|Neel, James - Jim|
Submitted to: Meeting Abstract
Publication Type: Abstract Only
Publication Acceptance Date: 3/15/2005
Publication Date: 3/22/2005
Citation: Neel, J.P., Fedders, J.M. 2005. Grass fed beef. Appalachian Grazing Conference "Foraging for Profits", Lakeview Resort, Morgantown, WV, March 22-24, 2005, CD-ROM.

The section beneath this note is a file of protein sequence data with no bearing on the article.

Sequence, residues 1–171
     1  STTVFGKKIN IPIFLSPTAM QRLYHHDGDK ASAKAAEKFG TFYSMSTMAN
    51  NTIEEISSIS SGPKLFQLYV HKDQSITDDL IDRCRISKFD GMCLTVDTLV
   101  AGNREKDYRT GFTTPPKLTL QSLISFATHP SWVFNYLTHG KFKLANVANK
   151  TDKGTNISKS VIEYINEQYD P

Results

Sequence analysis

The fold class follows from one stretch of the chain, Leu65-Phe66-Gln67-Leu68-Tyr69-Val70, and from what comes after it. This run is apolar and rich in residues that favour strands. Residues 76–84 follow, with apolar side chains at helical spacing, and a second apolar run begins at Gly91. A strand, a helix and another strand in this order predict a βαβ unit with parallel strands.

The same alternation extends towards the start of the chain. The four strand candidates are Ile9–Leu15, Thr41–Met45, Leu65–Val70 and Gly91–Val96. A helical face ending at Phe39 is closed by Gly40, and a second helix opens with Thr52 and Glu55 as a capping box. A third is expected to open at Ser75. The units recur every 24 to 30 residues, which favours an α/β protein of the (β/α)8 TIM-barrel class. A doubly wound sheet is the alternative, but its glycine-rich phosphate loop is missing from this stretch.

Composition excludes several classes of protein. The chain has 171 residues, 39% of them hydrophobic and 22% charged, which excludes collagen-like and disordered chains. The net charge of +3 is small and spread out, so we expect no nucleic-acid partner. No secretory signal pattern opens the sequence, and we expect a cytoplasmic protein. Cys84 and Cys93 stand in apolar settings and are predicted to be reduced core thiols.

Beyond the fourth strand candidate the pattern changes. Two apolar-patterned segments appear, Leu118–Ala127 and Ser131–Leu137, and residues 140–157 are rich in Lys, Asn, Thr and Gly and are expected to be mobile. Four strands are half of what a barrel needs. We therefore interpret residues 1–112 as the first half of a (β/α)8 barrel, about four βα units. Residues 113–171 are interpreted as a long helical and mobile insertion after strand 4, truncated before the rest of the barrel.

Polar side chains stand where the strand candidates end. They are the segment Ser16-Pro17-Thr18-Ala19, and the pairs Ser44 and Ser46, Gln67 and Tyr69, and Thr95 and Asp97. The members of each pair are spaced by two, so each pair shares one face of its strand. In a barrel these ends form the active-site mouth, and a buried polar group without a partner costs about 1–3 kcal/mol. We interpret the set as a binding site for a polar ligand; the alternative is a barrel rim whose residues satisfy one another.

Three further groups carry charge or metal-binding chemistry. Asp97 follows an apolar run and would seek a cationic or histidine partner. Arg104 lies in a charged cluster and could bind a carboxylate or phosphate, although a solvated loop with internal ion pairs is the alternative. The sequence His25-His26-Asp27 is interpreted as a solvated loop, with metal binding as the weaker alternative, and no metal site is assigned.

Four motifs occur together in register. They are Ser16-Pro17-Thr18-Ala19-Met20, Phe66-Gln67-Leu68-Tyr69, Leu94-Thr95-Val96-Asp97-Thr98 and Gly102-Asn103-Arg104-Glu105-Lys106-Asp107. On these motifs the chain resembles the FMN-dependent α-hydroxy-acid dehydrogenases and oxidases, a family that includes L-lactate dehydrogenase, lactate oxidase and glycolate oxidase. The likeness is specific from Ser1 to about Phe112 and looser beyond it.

Technical Abstract: The rumen is an integral part of the digestive tract that enables utilization of high-fiber feedstuffs such as grass and other forages. High quality forages can provide adequate energy and protein for growing and finishing beef. However, grain-feeding has become the standard method of finishing cattle in the United States. Grain-based finishing systems allow much greater management control over diet quality and quantity than pasture-based beef finishing systems. Pasture-based systems have the advantage of lower input costs and the potential for higher net producer profit. In addition, health conscious consumers increasingly are interested in lean, beef products of the type that can be produced from a forage-based diet. The growing demand for grass-fed lean beef is currently being met, in part, through imported products. Past research has shown high quality, consumer-acceptable, pasture-finished beef can be produced in the U.S., but actual production systems that deliver a consistent product are limited. Ongoing research into the development of pasture-based beef production systems is being conducted as a cooperative project among USDA-ARS, West Virginia University, Virginia Tech, and the University of Georgia. This multi-year, multi-location effort determined the influence of winterfeeding practices on subsequent pasture performance, carcass characteristics and consumer acceptance. We present knowledge from completed and ongoing research efforts concerning forage and animal management impacts on resultant pasture-fed beef production and composition.